What parameter values result in a desired outcome? – This is the question sought to be answered by systematically interrogated a process model with an optimization algorithm,
deriving the set of parameter values that give rise to the desired performance. Imagine the possibilities when you can explore process regions that give rise to greater
performance, efficiency, and excellence.
In this blog, we embark on exploring process optimization. From understanding the underlying principles to implementing practical strategies.
One of the questions during process development is typically that of process optimization, i.e. which combination of process parameter values (process condition), p , gives rise to a
desired process outcome (such as maximum titer and/or adhering to a CQA fingerprint, etc). Hence, the objective of the process optimization is determined by what you aim to achieve.
For simplicity, let us assume you would want to maximize titer at the end of the process (Titer(tend)):
For an algorithm to search which process condition, p, produces the desired process outcome, we need a model that links the process parameter values to the process outcome, i.e.:
It is evident, that the more accurately the model describes the process behavior the better the outcome of the optimization exercise, i.e. how predictive is the model? Hybrid models which combine
fundamental process knowledge with machine learning methods typically exhibit great predictivity, as they are able to describe the process behavior many times beyond what was tested
experimentally, see e.g. here Understanding hybrid models in biochemical process systems.
The model might of course also capture the behavior of other process response variables (states), such as viable cell density, glucose, glutamine, lactate, ammonium, to name a few. In fact, a
better understanding of the interplay of the response variables typically provides more process insight and subsequently, better results. So how can such a process model be obtained?
The start point
When starting process optimization, typically one encounters one of the following 3 scenarios:
Scenario 1 - Data from runs (experiments) are available for the product of interest:
In case you do have data from process runs available you can use them to create a first model. Using a generic hybrid modeling structure (see e.g. here), it is fairly straightforward to obtain a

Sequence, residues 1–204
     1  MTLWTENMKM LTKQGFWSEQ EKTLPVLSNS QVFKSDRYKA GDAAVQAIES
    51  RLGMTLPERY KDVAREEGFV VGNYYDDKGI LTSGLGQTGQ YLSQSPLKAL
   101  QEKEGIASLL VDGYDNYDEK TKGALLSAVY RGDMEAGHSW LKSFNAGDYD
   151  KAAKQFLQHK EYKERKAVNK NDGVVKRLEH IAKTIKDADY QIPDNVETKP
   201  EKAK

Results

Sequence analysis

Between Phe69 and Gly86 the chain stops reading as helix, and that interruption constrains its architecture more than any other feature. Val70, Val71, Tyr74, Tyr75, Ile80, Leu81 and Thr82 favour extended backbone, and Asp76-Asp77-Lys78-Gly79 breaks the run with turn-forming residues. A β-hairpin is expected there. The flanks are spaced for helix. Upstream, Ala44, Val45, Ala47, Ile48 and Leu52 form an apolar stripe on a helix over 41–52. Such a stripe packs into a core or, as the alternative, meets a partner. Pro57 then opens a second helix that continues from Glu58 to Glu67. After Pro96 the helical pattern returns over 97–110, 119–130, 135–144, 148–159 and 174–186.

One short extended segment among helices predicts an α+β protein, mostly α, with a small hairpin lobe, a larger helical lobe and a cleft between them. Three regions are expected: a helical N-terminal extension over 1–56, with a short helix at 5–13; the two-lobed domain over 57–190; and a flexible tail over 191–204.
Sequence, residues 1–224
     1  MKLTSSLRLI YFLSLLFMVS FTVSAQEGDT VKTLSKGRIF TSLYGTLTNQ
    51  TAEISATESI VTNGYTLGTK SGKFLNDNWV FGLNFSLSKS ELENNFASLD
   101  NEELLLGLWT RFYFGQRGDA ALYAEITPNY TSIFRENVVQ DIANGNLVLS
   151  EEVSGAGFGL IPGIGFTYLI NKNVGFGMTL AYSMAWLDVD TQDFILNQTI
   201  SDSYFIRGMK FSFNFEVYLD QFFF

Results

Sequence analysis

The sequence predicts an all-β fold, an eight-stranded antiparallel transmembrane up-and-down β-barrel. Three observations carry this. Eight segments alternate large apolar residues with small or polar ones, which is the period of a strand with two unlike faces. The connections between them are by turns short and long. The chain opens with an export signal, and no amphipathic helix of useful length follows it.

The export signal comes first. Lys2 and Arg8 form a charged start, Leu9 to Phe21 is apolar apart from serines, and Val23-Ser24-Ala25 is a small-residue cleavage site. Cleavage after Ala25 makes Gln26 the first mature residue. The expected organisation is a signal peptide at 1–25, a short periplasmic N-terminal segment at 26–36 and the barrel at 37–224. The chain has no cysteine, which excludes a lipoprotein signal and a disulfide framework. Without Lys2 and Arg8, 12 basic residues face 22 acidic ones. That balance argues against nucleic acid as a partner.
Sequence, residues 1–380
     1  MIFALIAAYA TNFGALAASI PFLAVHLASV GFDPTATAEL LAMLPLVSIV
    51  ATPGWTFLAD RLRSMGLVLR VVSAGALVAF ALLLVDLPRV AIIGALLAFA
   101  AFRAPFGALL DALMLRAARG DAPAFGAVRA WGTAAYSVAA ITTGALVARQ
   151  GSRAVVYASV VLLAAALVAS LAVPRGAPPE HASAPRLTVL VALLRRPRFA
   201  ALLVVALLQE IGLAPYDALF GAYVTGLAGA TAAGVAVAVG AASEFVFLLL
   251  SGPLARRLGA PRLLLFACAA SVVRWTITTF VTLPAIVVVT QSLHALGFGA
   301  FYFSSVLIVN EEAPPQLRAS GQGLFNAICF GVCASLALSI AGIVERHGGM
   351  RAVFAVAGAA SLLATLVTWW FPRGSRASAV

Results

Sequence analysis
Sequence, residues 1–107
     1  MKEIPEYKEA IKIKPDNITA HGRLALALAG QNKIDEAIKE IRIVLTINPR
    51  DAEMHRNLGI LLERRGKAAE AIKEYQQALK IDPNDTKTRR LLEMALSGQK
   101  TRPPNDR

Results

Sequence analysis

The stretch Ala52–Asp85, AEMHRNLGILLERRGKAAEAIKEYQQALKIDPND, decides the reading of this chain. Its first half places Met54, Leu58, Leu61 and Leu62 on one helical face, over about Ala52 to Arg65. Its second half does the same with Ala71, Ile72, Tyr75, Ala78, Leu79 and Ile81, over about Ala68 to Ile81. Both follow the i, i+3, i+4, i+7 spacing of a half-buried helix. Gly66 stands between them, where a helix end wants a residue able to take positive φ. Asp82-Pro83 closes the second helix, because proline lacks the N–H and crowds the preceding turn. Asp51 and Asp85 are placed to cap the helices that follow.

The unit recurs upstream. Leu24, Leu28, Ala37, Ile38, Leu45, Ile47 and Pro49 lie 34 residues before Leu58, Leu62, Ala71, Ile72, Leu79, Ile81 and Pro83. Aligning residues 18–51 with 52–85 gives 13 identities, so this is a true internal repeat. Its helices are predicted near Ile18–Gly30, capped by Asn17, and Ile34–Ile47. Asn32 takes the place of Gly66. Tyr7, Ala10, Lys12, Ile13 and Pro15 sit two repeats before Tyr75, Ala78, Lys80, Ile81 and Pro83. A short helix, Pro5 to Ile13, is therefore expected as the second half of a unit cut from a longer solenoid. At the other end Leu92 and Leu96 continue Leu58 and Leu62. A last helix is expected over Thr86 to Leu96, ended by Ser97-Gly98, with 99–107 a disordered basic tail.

good performing model. While you might want to check the predictivity of your model (e.g. using a test set), using the model you can start the process optimization exercise. Note that the
predictivity of the model will of course be constrained by the variation in the process parameters that was captured in the data, e.g. in case no temperature variations are covered in these run
data, you might not expect the model to make predictions for various different temperatures. However, you can design variation into these variables for your next run, on top of using the models.
Generally, we observe that the data that are available at this stage come from screening studies and hence have a good level of variation in almost all process parameters.
Figure 1: Different pH-profiles present in this campaign. One run is highlighted as an example.
Figure 2: Different values of DO-set points present in this campaign.
For simplicity, let us assume that you (or a colleague) built a hybrid model, which describes the impact of the process parameters on the process response at every moment of time, as visualized
in figure 3.
Figure 3: A hybrid model for the prediction of the process dynamics. By changing some parameters, the model now produces much higher titer. Blue dotted
line: original data. Solid blue line: new prediction with updated parameters. Blue shaded area: confidence interval of prediction.
Scenario 2 - No data is available whatsoever:
The best option if no data is available, is to perform systematic variations in the process parameters, such that the model can learn how these variations impact on the process outcome. This is
typically referred to as an excitation design (or engineering runs). It has been shown that for the application of machine-learning models, space-filling designs (such as Doehlert or Latin
Hypercube Sampling) are particularly suitable. For instance, if you have four process parameters (temperature, pH, DO and stirring rate) and you can plan four process runs, the Latin Hypercube
Sampling will provide you with the values of the four process parameters for the four runs. Table 1 shows an example of such an LHS design.
Table 1 - Example of process parameter values in LHS design.
We recommend performing at least as many runs as process parameters that you want to explore to obtain a good base for exploration. Besides the question of which process parameters to include in
the optimization, the range of the process parameter values (bounds) which should be explored is important to be set carefully. On one hand, the range need to be large enough to see a difference
in the process outcome (also considering the measurement error as well as run to run variation that you might have) and on the other hand, the range should be narrow enough to be able to explore